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Political Animal

More Labor Pains

By Brian Morton | Posted 1/21/2004

Just under a century ago, if you were an American wage laborer, it sucked to be you. Over the next 50 years, the work landscape changed: Child labor laws were passed, the 40-hour work week became standard, a minimum wage was established, and employees got such previously unheard of things as pension plans, health care, and paid vacation time. Because of this, the United States' standard of living surpassed the rest of the planet's. The concept of "leisure time," before these labor innovations, was almost nonexistent for the working class.

What was the driving force behind this revolution? The U.S. labor movement.

Nowadays, unions spend every hour waging a battle akin to that of Helms Deep. The grocery strike in California is past its 100th day, and two of the stores involved, Albertsons and Vons, have lost a projected $1 billion. One of the points of contention: employee health care.

In July of 2003, the Bush administration repealed a Clinton-era rule that mandated employers track, document, and report repetitive stress injuries. The Bush Labor Department said at the time that the data collected would be useless in identifying the causes and preventing the injuries. Yet one more step backward for the worker.

For every retreat the labor movement is forced to make, the top echelon of management seems to take four steps forward. In this space in 1995, I pointed out that in 1960 the average senior executive of a Fortune 500 company made 12 times more than the average nonsupervisory worker or line employee. In 1975, it was 35 times more. And in 1994, the big shots made as much as 135 times more than the grunts.

What has changed? Pretty damn little. An April 2001 New York Times article pointed out that by the end of the 1990s the average head of a big company took home more than $10 million before taxes. When sales slowed in 2000 and '01, those same chief executives did . . . better. When the recession caused investors to lose 12 percent of their portfolios in '00, CEOs got an average 22 percent raise in salary and bonuses--not even counting stock options, the free candy for the rich in the new millennium. That year, according to the federal Bureau of Labor Statistics, the typical hourly worker got a 3 percent raise, with 4 percent raises for salaried employees.

More? You want more? Sure! The year following Sept. 11, 2001, was one of the worst financially for airlines. For their troubles, the airlines received two federal bailouts totaling about $18 billion dollars, but all five of the top airlines that reported losses in '01--United, Delta, Northwest, Continental, and US Airways--upped the salaries and benefits of their CEOs, according to The Washington Post. As the Post put it, "While executives were earning more, they were slashing jobs, salaries and pensions. . . . US Airways, for instance, shut down its pilots pension plan and replaced it with one that provided benefits at about half the original level. United has laid off 9,000 workers."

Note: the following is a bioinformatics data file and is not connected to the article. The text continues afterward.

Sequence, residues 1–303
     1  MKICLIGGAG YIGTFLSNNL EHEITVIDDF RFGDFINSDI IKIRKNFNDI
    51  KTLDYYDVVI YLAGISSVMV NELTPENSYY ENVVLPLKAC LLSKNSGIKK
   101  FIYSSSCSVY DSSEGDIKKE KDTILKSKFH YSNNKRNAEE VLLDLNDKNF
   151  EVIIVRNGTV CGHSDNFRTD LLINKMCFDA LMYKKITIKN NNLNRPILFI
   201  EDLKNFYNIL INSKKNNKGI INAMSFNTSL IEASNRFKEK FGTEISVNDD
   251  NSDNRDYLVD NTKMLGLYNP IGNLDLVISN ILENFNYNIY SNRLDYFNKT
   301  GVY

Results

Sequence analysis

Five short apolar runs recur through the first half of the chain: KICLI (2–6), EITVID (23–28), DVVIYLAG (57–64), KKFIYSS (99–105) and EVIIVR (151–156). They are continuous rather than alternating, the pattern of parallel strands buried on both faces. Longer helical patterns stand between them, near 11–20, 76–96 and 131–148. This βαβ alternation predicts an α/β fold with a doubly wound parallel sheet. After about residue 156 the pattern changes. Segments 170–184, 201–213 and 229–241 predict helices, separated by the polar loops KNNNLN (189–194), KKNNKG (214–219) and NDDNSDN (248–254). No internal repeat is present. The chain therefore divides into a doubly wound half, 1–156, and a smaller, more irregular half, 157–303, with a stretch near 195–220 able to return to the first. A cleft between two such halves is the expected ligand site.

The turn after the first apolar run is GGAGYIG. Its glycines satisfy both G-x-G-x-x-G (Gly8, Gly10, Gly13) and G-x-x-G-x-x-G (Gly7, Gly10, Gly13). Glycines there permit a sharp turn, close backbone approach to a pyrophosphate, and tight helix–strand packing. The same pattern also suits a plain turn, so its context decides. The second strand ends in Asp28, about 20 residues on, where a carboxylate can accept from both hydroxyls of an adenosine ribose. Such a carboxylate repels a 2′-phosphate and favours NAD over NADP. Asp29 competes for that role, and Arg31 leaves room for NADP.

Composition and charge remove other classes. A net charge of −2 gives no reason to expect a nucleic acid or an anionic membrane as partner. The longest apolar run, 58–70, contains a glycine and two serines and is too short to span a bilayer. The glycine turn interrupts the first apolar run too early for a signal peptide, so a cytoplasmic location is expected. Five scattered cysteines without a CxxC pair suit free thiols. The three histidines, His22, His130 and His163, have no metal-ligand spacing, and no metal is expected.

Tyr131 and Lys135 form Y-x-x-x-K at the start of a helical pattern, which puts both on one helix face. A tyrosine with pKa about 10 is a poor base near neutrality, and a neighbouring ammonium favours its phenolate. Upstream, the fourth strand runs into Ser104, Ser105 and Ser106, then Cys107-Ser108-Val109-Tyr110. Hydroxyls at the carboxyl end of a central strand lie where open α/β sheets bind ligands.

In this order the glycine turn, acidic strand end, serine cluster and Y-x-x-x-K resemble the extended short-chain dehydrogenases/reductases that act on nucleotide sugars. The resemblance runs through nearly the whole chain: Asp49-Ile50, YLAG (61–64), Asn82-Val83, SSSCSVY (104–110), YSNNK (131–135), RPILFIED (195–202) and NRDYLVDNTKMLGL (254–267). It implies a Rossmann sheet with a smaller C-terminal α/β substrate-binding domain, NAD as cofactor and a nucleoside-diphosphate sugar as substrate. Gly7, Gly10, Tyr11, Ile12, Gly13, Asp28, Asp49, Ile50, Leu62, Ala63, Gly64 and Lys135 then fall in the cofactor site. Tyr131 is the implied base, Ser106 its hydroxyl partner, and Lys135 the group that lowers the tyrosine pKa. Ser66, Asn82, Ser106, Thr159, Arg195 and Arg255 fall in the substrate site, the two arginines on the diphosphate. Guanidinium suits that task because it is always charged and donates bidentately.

Pension plans have been raided, employees are increasingly seen as "costs," and unions are being assaulted by both corporate management and an administration that loads its Department of Labor with people hostile to the very tenets the agency was founded to protect and nurture. You, the little guy and gal, are getting screwed.

And still, the conservatives repeat the mantra that unions don't benefit anyone--another lie that has become standardized in public discourse dominated by the right.

A study recently published by the nonprofit, nonpartisan Economic Policy Institute shows that unionizing raises the wages of workers by nearly 20 percent, and total compensation--pay and benefits--by about 28 percent. Strong unions even help nonunion workers. If you're a high-school graduate who works in an industry that's 25 percent unionized, even if you're not in a union yourself, you're getting paid on average 5 percent more than similar workers in less unionized industries.

One of the saddest trends of the '90s was unions giving back, giving up, and giving in. Which is why, more than any other organized group in the United States, 2004 has to be seen as a critical battleground. If you want a pension, if you want decent health care, if you want a future greater than simply standing and reciting 27,649 times a day, "Hi, welcome to Wal-Mart," you can see that the movement that made life better for the American worker in the last century is the last, best chance at making a change for the better in this one.

The American dream was the idea that life for each successive generation could be easier, freer, and better than the previous one. In three short years, this administration has bankrupted that dream. As Vice President Dick Cheney told former Treasury Secretary Paul O'Neill, "Reagan proved that deficits don't matter." Whose side are you on?

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